Mystery illness strikes ‘Judge’ Paul Barber

THE ‘FORMER’ district court judge who chairs the Crown agency established six years ago to raise confidence in the real estate industry supposedly has a mystery illness which causes symptoms usually associated with winos.

The Real Estate Agents Disciplinary Tribunal has gone into damage control mode following Paul Barber’s extraordinary outburst in a media interview two months ago where it appeared he was heavily intoxicated.

The phone call followed allegations Barber had obtained the chairman’s position by deceit because he was not a barrister or solicitor at the time of his appointment – a requirement under legislation governing the Tribunal.

In that call, Barber was also confronted about why he continually referred to himself as a district court judge when he no longer had a legal right to do so.

In a follow-up phone call several weeks later seeking further answers about his irrational conduct and failure to respond to written media questions, the 78-year-old again appeared inebriated. He had slurred speech and could barely pronounce the word ‘registrar’.   Read more »

Sober as a ‘Judge’


PAUL BARBER likes to call himself a judge.

But judge the ‘judge’ or dare call his conduct into question and Barber runs a mile.

We know because we phoned the 78-year-old the other night to confront him for a third time – yes, a third time – about what right he had to call himself a judge.

Judge or no judge, we believe we’ve got a right to ask him that question.

And we say Barber has a legal and moral obligation to answer it.

But that’s the thing with questions. No one much likes them unless they have all the answers.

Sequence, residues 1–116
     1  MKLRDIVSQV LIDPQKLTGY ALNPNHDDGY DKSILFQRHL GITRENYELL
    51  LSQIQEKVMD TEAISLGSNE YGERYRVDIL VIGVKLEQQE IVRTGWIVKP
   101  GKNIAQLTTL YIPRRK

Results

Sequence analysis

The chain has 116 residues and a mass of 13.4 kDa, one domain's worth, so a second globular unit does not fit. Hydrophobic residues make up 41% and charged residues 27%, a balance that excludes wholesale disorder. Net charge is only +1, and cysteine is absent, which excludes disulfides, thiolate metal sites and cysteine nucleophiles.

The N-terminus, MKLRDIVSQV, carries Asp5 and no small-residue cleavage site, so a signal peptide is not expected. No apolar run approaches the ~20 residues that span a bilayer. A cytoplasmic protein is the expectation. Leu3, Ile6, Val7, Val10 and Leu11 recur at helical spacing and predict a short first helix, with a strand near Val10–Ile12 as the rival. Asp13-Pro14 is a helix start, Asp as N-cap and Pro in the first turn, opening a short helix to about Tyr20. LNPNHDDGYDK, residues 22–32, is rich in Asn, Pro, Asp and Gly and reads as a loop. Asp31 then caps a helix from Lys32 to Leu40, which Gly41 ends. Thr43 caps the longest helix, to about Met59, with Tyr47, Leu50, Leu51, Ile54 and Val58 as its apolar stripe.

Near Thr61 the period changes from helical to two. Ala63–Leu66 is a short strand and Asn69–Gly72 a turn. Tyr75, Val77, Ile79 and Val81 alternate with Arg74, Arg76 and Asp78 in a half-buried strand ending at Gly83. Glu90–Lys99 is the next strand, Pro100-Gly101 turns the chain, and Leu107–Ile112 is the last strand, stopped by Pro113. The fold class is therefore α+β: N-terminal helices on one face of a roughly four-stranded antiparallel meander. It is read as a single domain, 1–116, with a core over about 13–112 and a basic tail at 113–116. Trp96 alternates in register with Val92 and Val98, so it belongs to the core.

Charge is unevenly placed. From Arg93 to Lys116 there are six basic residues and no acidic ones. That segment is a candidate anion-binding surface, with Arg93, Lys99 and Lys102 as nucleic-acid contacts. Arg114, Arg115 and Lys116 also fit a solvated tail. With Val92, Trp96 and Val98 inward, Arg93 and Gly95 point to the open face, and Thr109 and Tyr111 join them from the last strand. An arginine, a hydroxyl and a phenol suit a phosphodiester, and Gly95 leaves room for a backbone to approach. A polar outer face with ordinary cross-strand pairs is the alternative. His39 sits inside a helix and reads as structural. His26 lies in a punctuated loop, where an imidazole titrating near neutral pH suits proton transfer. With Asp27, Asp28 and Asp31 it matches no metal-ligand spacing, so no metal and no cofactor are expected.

In this instance, Paul Barber doesn’t have the answers.

That, we’re sure of. We’ve given Barber ample opportunity to explain himself and each time he’s come up short.   Read more »


The questions we asked ‘Judge’ Paul Barber

THE MINISTRY of Justice is sticking to its guns over the legal standing of retired district court judge Paul Barber and his right to chair three Government-appointed judicial bodies.

The 78-year-old is already facing allegations he obtained the top job with the Real Estate Agents Disciplinary Tribunal “by deceit” because he was not a barrister or solicitor at the time of his appointment – a requirement under legislation governing the Tribunal.

He’s also been accused of masquerading as a district court judge when he is not one.

Now there are questions over Barber and his chairmanship of the Taxation Review Authority.

Like the Tribunal, the chair of the Authority must either be a judge or a barrister or solicitor with at least seven years experience.

Since Barber’s warrant expired in March 2012, he has ruled on nearly two-dozen cases before the Taxation Review Authority involving hundreds of thousands of dollars. His last case was only last month and like every other decision on record since 2012, Barber is referred to as ‘Judge P F Barber’.

Ministry spokesman Matt Torbit said Barber was admitted to the Bar following his graduation in 1963. He was enrolled as a barrister and solicitor of the High Court and had more than seven years’ legal experience, he said.

It was not a requirement of the Taxation Review Authorities Act 1994 for a judicial office of the Authority to hold a practising certificate.